Shift Reduce Parsing

A simple kind of bottom-up parser is the shift-reduce parser. In common with all bottom-up parsers, a shift-reduce parser tries to find sequences of words and phrases that correspond to the righthand side of a grammar production, and replace them with the lefthand side, until the whole sentence is reduced to an S.

The shift-reduce parser repeatedly pushes the next input word onto a stack (Section 4.1); this is the shift operation. If the top n items on the stack match the n items on the righthand side of some production, then they are all popped off the stack, and the item on the lefthand side of the production is pushed onto the stack. This replacement of the top n items with a single item is the reduce operation. The operation may be applied only to the top of the stack; reducing items lower in the stack must be done before later items are pushed onto the stack. The parser finishes when all the input is consumed and there is only one item remaining on the stack, a parse tree with an S node as its root. The shift-reduce parser builds a parse tree during the above process. Each time it pops n items off the stack, it combines them into a partial parse tree, and pushes this back onto the stack. We can see the shift-reduce parsing algorithm in action using the graphical demonstration nltk.app.srparser(). Six stages of the execution of this parser are shown in Figure 8-5.

1. Initial state

StACk

Remaining Te*l

lie be

» saw a rnirt in H>t paifc

3. After reduce shift reduce

Stock

Remaining Text

Del N

saw a man in me paifc

Bit dqq

5, After building

a complex NP

Slack

ReinflliU»c| lam

Uk ft m

2. After one shift

suae*

RernniMitg Teii

MP V MP «1

Ihe par*

iDi Del N

it« Ag

• m«i

6. Built a complete parse tree

such

OII.II.<]

s

J 1 L

fits LW

Hif"

»A

1 1

1 /X

n OH (t 1 1

Ihfl poll*

Figure 8-5. Six stages of a shift-reduce parser: The parser begins by shifting the first input word onto its stack; once the top items on the stack match the righthand side of a grammar production, they can be replaced with the lefthand side of that production; the parser succeeds once all input is consumed and one S item remains on the stack.

NLTK provides ShiftReduceParser(), a simple implementation of a shift-reduce parser. This parser does not implement any backtracking, so it is not guaranteed to find a parse for a text, even if one exists. Furthermore, it will only find at most one parse, even if more parses exist. We can provide an optional trace parameter that controls how verbosely the parser reports the steps that it takes as it parses a text:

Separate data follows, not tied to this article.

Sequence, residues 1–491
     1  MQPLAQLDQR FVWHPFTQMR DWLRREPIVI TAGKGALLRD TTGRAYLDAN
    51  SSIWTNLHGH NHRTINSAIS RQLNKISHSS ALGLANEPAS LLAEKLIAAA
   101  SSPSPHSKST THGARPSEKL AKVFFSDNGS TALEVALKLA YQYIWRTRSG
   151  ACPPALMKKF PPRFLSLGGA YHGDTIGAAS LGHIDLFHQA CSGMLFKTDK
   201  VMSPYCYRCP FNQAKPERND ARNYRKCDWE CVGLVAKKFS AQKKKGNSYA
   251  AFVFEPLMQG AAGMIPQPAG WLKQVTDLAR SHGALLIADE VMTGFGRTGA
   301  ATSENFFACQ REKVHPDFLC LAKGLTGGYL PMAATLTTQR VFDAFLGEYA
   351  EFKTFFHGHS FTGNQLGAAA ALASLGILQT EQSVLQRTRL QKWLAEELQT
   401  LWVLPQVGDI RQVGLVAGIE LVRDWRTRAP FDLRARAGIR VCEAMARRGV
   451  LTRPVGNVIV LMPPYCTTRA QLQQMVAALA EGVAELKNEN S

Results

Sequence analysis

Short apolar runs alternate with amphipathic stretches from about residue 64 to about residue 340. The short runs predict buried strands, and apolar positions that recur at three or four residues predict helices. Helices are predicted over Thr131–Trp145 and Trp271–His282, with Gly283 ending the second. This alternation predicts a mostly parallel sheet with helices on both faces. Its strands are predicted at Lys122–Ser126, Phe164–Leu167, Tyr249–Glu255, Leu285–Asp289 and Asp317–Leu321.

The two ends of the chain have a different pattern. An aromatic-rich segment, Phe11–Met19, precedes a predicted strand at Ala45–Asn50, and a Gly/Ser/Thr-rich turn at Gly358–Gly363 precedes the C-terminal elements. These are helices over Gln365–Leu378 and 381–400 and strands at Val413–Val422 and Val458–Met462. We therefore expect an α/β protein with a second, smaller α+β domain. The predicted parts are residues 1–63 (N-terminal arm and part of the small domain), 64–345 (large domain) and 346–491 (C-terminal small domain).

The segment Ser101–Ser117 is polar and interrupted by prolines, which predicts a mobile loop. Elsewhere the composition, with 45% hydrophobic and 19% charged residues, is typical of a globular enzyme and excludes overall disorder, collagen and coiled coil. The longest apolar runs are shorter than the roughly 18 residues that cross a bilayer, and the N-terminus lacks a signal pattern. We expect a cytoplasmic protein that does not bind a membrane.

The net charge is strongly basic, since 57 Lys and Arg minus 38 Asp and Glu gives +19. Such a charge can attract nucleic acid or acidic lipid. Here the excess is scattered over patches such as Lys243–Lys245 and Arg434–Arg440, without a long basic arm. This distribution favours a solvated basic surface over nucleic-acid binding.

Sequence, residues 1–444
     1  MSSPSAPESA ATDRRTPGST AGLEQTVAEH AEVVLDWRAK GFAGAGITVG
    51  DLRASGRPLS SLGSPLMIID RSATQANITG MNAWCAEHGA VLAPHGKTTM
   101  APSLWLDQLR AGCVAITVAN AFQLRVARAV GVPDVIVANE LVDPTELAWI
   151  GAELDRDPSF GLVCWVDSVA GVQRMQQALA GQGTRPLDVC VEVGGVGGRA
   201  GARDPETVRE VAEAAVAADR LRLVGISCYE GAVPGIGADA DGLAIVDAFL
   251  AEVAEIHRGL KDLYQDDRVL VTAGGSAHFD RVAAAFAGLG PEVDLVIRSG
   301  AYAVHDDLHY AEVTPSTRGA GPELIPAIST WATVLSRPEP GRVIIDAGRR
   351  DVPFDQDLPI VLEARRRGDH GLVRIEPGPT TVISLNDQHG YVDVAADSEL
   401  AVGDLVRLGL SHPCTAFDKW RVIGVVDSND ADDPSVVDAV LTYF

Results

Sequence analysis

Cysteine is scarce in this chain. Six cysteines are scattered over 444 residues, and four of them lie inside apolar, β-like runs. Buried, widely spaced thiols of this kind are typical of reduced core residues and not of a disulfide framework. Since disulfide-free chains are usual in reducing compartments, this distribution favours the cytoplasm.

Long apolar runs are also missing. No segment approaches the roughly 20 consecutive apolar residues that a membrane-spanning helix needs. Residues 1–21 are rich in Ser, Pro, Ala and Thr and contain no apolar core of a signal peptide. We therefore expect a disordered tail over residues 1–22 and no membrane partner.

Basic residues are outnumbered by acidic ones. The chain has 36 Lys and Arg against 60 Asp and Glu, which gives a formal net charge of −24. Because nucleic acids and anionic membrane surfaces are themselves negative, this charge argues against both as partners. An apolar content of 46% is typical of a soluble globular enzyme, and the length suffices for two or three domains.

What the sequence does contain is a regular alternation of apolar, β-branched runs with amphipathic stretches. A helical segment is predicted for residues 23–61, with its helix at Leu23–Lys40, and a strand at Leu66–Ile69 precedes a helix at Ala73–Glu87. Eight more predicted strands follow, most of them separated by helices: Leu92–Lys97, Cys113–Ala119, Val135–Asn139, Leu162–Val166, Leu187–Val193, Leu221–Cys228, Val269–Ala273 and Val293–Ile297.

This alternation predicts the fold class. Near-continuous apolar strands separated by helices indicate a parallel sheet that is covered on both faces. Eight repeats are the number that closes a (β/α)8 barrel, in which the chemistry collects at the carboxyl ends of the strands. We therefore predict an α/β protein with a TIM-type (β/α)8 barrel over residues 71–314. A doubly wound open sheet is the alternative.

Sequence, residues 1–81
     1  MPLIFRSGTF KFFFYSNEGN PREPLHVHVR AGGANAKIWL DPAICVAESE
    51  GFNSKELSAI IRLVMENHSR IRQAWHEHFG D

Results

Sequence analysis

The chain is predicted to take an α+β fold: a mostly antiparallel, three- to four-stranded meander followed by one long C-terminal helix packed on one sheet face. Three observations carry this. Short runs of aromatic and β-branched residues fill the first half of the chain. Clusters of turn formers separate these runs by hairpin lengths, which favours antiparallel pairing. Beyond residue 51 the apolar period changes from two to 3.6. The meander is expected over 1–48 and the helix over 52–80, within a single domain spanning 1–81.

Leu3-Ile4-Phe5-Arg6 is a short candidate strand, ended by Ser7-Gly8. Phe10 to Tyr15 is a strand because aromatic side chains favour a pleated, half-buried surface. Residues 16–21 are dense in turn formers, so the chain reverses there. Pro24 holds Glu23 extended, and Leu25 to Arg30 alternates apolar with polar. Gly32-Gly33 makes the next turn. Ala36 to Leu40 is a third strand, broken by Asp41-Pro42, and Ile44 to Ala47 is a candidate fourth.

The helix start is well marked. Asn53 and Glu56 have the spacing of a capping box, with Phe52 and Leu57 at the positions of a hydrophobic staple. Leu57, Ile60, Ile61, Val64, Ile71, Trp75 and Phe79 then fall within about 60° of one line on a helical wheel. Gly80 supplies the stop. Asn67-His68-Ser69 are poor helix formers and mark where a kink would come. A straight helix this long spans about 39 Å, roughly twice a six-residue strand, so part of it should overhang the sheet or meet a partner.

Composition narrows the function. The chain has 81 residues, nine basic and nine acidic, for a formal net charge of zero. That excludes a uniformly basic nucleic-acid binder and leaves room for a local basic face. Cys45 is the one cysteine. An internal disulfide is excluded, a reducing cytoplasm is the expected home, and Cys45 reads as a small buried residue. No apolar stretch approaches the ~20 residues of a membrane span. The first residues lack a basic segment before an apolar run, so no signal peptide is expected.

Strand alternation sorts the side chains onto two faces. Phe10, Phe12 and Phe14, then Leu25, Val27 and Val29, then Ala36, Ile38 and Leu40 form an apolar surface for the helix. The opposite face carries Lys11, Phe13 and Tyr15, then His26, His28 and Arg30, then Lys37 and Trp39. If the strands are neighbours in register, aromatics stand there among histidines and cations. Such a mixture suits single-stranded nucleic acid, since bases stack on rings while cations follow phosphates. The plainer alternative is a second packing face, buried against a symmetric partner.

>>> sr_parse = nltk.ShiftReduceParser(grammar1) >>> sent = 'Mary saw a dog'.split() >>> print sr_parse.parse(sent)

Your Turn: Run this parser in tracing mode to see the sequence of shift and reduce operations, using sr_parse = nltk.ShiftReduceParser(gram mar1, trace=2).

A shift-reduce parser can reach a dead end and fail to find any parse, even if the input sentence is well-formed according to the grammar. When this happens, no input remains, and the stack contains items that cannot be reduced to an S. The problem arises because there are choices made earlier that cannot be undone by the parser (although users of the graphical demonstration can undo their choices). There are two kinds of choices to be made by the parser: (a) which reduction to do when more than one is possible and (b) whether to shift or reduce when either action is possible.

A shift-reduce parser may be extended to implement policies for resolving such conflicts. For example, it may address shift-reduce conflicts by shifting only when no reductions are possible, and it may address reduce-reduce conflicts by favoring the reduction operation that removes the most items from the stack. (A generalization of the shift-reduce parser, a "lookahead LR parser," is commonly used in programming language compilers.)

The advantages of shift-reduce parsers over recursive descent parsers is that they only build structure that corresponds to the words in the input. Furthermore, they only build each substructure once; e.g., NP(Det(the), N(man)) is only built and pushed onto the stack a single time, regardless of whether it will later be used by the VP -> V NP PP reduction or the NP -> NP PP reduction.

Was this article helpful?

+1 -1

Post a comment